J. D. Sauerländer's Verlag: (05) Weber
   

Abstract

Guazuma crinita is an important timber tree with a rotation age of 6–12 years in the Peruvian Amazon. A provenance/progeny test containing 200 families from seven locations (provenances) in the Aguaytía watershed of Peru was established in three zones in the Aguaytía watershed that differ in mean annual rainfall and soil fertility. Farmers managed the replications as plantations. Replications were divided into two groups at 24 months: faster- and slower-growing plantations. The faster-growing plantations were thinned at 32 months. The objectives of this paper are to determine if genetic variation in growth traits (tree height, stem diameter) is relatively greater in the faster-growing plantations, and if there are significant differences in tree mortality and stem bifurcations among provenances and families at 24, 36 and 48 months. Variation due to provenances and families and heritability of growth traits were consistently greater in the faster-growing plantations. At 48 months, heritability of growth traits was about twice as large in the faster- than in the slower-growing plantations. There were no significant interactions between zones and either provenances or families. Tree mortality and stem bifurcations in the faster-growing plantations generally did not differ significantly among families, but did differ significantly among provenances. Based on these results and considering its rotation age, we recommend that G. crinita families/trees could be selected at 48 months in the faster-growing plantations, the plantations could be transformed into seed orchards and the seed could be used for reforestation throughout the Aguaytía watershed. Results are compared with other tropical hardwoods.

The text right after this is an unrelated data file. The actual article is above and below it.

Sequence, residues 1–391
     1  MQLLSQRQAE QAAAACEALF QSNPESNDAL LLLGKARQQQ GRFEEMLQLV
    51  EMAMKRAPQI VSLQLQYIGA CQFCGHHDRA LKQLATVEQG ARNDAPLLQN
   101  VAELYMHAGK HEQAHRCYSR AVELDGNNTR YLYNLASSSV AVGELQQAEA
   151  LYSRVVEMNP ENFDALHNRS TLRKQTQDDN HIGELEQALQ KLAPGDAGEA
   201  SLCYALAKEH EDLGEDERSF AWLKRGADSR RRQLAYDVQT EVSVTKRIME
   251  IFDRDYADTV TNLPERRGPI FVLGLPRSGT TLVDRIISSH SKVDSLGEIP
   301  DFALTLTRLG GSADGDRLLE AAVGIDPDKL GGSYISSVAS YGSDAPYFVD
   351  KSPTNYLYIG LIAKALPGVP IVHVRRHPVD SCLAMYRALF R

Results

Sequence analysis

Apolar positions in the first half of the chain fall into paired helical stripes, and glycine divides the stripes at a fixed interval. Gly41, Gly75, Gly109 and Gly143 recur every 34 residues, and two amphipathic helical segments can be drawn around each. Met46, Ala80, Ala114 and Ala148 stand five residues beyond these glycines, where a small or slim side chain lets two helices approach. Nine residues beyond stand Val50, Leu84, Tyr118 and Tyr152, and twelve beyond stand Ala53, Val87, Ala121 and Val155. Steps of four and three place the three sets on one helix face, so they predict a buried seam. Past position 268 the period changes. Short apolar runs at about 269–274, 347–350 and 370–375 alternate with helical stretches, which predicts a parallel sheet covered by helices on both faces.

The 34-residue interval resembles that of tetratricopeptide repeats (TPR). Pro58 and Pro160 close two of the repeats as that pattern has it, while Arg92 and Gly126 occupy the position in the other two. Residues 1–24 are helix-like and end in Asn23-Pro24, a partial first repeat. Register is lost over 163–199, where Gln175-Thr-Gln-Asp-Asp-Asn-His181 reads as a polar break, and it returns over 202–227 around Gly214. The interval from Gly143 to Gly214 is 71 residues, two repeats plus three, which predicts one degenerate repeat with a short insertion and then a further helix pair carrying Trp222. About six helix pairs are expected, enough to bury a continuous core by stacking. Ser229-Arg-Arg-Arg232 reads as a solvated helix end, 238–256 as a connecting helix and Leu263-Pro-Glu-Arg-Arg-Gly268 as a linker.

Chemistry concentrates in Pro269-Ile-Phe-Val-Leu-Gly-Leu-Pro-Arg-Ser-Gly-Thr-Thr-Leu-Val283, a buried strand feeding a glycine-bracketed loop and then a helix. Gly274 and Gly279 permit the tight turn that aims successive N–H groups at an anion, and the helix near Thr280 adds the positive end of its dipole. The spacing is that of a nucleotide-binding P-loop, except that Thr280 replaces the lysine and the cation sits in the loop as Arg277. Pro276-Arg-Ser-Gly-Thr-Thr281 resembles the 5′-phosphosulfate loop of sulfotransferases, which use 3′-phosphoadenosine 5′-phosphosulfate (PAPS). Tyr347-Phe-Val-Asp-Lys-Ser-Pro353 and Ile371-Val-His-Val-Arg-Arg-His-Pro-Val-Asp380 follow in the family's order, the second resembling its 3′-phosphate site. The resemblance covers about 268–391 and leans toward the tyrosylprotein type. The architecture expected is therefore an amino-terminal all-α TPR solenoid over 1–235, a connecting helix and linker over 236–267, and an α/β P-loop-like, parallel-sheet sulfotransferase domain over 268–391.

Key words: tree improvement, provenance/progeny test, environment, heritability.

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